Music has always soothed Alexa Ray Joel. As a baby, she could sing herself to sleep. Chopin's "Nocturne in D Flat" got her through the split from her boyfriend in January. And before testifying at the bitter divorce trial between her mom, Christie Brinkley, and Peter Cook in July, she found strength in the Beatles tune "Let It Be."
Writing her own lyrics has been an outlet for the 22-year-old singer too. "Sometimes writing just saves me," says Joel. "It's the only thing that gives me any sense of control." Consider the words she penned following the split from her former bass player, Jimmy Riot: "Take me or leave me but let me be who I am." Her new confidence also stems from testifying against Cook. "You've got to develop a thick skin to go into a courtroom and say some pretty serious stuff," she admits. "It's empowering to know I got through it."
The ongoing Cook-Brinkley drama (there was tension between the exes over Cook's recent 20/20
interview) has given Joel an even deeper appreciation of Mom's post-divorce relationship with her dad, Billy Joel. "They're good friends now," she says. "That's hard for my mom now: She'll never have that with Peter." Another lesson learned? "You can be beautiful and powerful without a man," she says, adding, "I won't lie. I'm working on that."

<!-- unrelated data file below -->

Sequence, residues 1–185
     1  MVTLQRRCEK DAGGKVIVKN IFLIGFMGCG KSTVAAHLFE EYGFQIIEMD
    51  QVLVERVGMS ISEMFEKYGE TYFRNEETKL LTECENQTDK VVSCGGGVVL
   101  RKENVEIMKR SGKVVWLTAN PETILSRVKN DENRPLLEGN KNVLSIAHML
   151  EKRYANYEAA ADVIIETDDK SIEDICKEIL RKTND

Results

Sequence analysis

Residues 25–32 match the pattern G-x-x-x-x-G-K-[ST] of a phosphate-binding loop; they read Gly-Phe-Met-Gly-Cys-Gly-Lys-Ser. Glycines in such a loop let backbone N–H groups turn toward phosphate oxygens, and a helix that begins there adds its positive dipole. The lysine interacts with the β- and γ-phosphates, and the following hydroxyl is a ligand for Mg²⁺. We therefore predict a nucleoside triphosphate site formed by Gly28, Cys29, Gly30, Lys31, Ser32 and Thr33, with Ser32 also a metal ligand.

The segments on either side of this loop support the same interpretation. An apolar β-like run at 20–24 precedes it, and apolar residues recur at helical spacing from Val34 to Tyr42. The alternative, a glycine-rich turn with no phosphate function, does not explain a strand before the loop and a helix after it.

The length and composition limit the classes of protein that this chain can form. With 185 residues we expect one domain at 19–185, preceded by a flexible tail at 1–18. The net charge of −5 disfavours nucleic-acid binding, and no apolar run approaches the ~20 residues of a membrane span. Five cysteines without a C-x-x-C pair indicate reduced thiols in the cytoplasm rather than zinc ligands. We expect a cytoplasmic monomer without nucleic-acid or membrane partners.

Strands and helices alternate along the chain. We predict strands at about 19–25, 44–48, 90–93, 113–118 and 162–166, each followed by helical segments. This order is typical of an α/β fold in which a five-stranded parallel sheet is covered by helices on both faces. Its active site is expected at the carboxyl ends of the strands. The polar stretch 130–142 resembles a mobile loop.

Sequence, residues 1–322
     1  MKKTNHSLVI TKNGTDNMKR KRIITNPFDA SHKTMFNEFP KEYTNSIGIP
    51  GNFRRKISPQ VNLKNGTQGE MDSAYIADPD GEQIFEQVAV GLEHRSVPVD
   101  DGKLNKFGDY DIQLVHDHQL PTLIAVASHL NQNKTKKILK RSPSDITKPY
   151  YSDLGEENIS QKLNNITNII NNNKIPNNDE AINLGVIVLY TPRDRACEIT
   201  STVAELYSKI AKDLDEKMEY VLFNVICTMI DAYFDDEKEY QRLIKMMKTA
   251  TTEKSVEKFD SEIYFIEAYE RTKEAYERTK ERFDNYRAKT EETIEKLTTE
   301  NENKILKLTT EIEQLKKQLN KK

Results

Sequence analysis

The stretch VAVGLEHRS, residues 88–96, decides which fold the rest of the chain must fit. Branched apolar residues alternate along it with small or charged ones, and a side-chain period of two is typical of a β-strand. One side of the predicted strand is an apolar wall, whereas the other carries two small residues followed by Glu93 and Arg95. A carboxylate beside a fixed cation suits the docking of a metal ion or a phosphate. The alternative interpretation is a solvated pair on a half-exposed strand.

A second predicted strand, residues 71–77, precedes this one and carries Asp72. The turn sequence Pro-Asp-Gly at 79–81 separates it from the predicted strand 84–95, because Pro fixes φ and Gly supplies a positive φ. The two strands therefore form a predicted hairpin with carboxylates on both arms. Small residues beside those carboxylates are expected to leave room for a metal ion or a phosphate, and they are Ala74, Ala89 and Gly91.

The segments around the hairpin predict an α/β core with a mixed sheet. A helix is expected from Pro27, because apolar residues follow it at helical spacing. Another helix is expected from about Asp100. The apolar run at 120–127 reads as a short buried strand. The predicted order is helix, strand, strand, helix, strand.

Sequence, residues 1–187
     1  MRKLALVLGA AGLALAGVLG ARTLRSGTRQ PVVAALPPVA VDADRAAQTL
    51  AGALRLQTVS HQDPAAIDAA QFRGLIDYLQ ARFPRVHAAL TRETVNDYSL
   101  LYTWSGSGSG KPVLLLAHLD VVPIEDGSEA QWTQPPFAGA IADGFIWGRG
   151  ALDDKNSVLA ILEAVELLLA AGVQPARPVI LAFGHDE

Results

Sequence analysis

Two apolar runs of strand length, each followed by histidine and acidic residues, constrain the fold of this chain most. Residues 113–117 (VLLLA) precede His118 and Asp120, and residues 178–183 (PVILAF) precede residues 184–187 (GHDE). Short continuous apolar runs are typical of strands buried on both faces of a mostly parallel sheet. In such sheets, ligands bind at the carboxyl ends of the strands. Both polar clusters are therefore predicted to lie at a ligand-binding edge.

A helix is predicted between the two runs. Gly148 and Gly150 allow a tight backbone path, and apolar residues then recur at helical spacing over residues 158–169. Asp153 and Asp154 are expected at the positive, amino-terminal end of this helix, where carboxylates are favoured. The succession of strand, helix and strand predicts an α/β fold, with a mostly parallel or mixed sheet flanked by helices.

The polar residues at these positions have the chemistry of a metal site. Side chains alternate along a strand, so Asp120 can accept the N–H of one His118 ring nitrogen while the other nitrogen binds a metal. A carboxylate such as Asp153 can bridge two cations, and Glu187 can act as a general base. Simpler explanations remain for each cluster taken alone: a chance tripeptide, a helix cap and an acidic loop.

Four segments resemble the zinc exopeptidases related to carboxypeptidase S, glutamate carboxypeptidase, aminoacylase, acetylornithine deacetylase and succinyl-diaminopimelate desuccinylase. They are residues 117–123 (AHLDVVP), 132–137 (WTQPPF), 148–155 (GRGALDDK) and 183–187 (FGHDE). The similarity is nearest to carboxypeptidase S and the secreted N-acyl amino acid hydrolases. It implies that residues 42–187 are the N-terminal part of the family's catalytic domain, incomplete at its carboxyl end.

Transformation isn't new to the tiny girl who belts out retro bluesy songs: She used to be so bashful, her mom doubted she'd ever perform. "I was painfully shy in high school," says Joel. Adds Brinkley: "I thought, I don't know if she'll ever be onstage." But a determined Joel played small clubs and music festivals across the country to conquer her timidness. "Touring toughened me up a bit," says Joel, whose next gig will be performing at Mohegan Sun in Uncasville, Conn., on Nov. 20. Her parents see the change. "Her charming realness gives her a connection with her audience," says Brinkley. And Dad's review? "I start laughing when she plays," he says, "because she's so good. She's got chops."
What she doesn't have yet is a record label. So far, Joel has songs on MySpace and iTunes, though she's met with several producers and may record an album. "I used to think it's shallow to crave attention from an audience," she says. "But when they're really listening, it's a relationship."
Joel is just as hopeful about a love connection—despite Brinkley's advice. "My mom's like, 'Honey, don't get married,'" says Joel. "It comes from a good place. But I'm such a romantic, I'd like to get married one day. It's fulfilling to live with a person you love." As long as that guy heeds Joel's "let me be who I am" lyrics. "Once you break out of your shell and aren't afraid anymore," she says, "it's nice to be totally open and sing your heart out."